§ 62. Mr. Hornby
asked the Minister of Education whether he will make a statement about the decisions reached at the Commonwealth Education Conference in New Delhi.
§ Sir D. Eccles
The official report of the Conference was published in Delhi last week and a copy is now available in the Library of the House. The Government intend to publish the report as a White Paper as soon as possible.
The Conference reviewed the four main schemes launched as a result of the first Conference held at Oxford in 1959—the Commonwealth Scholarship and Fellowship Plan, and the schemes for the Training and Supply of Teachers and for Technical Education, and took a number of detailed decisions which will lead to the development and more effective use of these schemes.
The Conference decided that a Commonwealth English Language Information Centre should be established in London to collect and disseminate information and advice on the best means of teaching English as a second language. Useful surveys were also made of the possibilities of further cooperation within the Commonwealth in 112W the fields of social education, rural education and the production and distribution of textbooks and other books.
The Conference agreed that the Commonwealth Education Liaison Committee and Unit should be continued and that they should develop their function as a source of information for member Governments. Indeed the Delhi Conference has strengthened co-operation in education as a major feature of inter-Commonwealth relations.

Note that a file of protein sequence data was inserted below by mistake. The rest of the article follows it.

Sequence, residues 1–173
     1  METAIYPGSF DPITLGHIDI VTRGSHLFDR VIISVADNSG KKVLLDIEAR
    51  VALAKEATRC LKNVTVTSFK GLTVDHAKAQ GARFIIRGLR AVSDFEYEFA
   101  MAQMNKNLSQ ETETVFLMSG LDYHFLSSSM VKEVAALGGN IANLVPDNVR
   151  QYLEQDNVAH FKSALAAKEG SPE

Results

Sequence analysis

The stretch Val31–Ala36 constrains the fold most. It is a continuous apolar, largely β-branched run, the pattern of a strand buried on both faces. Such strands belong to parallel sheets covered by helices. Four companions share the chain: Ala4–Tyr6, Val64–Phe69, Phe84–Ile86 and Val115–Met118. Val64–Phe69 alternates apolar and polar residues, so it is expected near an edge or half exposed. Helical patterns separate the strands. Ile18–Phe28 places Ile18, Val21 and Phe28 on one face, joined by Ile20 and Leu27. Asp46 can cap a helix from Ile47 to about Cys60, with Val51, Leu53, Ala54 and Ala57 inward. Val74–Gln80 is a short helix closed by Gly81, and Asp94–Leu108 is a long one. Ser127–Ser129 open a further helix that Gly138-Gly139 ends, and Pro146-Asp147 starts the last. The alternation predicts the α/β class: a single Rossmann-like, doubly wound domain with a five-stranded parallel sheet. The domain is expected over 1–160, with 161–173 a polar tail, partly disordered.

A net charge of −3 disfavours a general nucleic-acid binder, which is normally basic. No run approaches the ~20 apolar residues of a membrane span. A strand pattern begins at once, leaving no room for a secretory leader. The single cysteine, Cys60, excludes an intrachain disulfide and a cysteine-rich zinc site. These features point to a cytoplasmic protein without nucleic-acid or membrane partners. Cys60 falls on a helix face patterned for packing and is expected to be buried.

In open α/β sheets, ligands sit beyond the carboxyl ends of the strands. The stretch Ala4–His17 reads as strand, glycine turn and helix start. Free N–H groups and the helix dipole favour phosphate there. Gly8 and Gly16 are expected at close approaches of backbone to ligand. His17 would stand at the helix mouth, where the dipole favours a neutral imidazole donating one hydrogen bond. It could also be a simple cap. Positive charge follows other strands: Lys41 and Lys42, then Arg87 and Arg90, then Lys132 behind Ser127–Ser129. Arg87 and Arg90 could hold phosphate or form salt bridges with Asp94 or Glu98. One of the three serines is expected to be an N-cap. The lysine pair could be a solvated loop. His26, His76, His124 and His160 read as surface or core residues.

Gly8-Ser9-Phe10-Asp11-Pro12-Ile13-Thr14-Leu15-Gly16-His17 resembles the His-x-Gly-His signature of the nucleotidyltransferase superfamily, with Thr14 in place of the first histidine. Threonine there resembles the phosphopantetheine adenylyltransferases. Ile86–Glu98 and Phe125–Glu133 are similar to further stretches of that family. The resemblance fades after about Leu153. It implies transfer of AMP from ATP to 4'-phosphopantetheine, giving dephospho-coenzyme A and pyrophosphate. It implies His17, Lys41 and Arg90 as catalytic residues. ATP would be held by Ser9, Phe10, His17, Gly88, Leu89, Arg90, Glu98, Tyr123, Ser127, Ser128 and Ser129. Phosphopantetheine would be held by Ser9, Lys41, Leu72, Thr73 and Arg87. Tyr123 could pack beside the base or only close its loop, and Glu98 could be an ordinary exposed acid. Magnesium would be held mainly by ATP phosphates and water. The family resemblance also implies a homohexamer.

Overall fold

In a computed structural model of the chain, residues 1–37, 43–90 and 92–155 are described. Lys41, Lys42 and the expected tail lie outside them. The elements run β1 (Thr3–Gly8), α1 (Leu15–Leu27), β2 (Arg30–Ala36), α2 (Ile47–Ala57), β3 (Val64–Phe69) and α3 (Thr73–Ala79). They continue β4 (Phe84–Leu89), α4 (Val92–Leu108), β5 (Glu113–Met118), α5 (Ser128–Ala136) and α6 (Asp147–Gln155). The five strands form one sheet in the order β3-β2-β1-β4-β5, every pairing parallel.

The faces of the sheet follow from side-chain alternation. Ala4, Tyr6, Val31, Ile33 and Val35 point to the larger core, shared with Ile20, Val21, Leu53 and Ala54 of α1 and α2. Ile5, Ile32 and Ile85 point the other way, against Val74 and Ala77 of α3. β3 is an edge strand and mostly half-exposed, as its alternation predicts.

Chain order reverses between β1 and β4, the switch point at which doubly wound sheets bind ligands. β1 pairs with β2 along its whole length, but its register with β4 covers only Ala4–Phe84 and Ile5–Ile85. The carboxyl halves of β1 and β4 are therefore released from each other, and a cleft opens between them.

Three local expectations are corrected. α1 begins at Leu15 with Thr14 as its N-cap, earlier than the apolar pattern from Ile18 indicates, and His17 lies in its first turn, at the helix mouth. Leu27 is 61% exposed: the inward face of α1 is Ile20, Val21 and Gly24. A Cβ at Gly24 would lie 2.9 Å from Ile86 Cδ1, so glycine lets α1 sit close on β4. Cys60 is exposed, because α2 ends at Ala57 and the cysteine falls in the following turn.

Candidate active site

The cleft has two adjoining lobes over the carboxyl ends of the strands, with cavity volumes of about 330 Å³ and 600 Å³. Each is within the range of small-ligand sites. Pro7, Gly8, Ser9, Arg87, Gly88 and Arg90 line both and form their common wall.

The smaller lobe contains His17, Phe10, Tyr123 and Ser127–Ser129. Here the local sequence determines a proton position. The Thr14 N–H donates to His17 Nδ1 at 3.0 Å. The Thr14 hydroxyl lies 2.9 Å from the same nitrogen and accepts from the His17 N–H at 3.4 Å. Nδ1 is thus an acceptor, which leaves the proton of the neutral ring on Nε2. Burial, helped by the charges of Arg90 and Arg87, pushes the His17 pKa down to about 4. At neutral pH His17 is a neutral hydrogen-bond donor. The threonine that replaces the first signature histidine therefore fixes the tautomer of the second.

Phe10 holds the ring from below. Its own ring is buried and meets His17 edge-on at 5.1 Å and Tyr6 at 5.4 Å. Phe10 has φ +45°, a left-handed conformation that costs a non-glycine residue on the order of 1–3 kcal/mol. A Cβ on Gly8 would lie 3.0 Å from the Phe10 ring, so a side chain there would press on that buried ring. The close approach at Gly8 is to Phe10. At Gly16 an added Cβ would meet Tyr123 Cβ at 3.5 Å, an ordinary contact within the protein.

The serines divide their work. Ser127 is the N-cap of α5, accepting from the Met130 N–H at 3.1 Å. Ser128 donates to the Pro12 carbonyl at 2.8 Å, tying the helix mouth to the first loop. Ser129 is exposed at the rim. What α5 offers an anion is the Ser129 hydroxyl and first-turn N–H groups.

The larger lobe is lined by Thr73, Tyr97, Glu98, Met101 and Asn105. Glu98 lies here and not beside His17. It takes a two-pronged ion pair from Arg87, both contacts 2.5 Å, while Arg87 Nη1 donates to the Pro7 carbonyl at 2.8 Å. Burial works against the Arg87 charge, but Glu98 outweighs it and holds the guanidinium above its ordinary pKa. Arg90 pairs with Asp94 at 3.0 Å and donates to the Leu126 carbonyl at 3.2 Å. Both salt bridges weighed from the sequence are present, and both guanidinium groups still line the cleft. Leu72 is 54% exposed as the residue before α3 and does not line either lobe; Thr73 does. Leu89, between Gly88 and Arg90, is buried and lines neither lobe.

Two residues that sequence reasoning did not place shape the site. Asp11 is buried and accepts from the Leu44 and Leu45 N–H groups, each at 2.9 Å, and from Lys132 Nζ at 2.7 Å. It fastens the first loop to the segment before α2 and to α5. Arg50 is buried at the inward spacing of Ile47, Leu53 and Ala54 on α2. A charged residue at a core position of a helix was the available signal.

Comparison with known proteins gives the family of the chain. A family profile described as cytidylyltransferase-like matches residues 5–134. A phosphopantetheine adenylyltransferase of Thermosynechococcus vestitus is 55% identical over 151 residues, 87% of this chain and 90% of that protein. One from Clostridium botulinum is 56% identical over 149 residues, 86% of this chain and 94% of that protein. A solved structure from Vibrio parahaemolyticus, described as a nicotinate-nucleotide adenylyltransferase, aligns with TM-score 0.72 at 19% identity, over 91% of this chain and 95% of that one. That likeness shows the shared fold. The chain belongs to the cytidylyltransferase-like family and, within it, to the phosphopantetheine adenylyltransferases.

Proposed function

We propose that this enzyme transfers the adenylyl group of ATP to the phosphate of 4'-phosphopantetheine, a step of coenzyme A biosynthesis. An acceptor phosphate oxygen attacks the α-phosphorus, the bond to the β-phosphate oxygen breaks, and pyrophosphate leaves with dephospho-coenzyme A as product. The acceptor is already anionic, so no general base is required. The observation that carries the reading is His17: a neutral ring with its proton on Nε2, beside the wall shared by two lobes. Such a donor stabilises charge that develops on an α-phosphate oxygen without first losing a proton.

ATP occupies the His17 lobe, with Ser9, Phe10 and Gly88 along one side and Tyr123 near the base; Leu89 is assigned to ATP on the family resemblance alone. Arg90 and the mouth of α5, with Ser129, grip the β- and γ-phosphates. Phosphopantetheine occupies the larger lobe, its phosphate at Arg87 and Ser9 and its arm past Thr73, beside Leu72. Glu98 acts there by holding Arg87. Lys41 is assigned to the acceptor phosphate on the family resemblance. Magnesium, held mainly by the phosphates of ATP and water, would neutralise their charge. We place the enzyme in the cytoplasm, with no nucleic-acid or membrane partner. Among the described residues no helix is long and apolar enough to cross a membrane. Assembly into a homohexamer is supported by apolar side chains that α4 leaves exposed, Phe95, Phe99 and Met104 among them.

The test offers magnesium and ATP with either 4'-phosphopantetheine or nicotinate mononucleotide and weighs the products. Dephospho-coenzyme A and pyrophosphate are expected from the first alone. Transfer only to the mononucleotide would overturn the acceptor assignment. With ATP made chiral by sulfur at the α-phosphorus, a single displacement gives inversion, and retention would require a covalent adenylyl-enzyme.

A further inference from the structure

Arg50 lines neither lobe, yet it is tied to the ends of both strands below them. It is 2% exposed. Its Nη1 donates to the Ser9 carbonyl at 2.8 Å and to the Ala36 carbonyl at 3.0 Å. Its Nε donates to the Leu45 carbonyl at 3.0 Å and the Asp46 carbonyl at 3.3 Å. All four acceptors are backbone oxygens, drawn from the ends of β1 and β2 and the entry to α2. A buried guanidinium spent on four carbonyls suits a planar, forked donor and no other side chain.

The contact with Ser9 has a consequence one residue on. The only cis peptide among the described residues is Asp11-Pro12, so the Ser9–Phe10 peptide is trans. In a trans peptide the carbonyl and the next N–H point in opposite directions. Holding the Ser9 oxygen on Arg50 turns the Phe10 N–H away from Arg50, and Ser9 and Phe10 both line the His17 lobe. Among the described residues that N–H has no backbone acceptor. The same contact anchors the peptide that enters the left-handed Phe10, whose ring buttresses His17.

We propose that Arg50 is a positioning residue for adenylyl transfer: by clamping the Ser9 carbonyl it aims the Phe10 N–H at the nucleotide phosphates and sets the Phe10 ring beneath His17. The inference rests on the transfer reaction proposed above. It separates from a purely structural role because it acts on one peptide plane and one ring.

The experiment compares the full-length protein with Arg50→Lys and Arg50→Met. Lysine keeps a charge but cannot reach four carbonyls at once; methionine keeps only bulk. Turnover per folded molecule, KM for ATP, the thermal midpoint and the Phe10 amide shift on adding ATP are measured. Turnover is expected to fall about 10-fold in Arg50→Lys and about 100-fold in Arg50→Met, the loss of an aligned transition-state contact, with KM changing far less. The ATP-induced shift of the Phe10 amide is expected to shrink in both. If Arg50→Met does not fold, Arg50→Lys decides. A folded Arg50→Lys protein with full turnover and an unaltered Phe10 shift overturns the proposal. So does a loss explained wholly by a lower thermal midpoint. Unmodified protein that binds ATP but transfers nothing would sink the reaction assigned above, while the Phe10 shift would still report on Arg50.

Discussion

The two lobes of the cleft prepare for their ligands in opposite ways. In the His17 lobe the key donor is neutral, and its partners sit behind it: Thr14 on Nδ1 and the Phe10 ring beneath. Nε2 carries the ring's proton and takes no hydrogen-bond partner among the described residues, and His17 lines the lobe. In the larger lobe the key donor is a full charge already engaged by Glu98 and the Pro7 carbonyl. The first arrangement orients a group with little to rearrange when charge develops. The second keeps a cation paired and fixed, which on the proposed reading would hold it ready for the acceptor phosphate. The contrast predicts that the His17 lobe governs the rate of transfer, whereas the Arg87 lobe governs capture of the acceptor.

It was encouraging that Commonwealth Governments made a number of offers for new developments which were welcomed by all countries. The British delegation made two principal offers. The first was to train and finance experts in the teaching of English who would be available to fill key posts overseas. The second was to provide courses in this country for the training of technical teachers, more particularly of technicians and craftsmen. Courses will also be provided here for those concerned with the production of textbooks.
We are greatly indebted to the Government of India both for the efficient arrangements made for the Conference and for their hospitality.
The offer by the Canadian Government to hold the next Conference in Canada, probably about the middle of 1964, was warmly welcomed.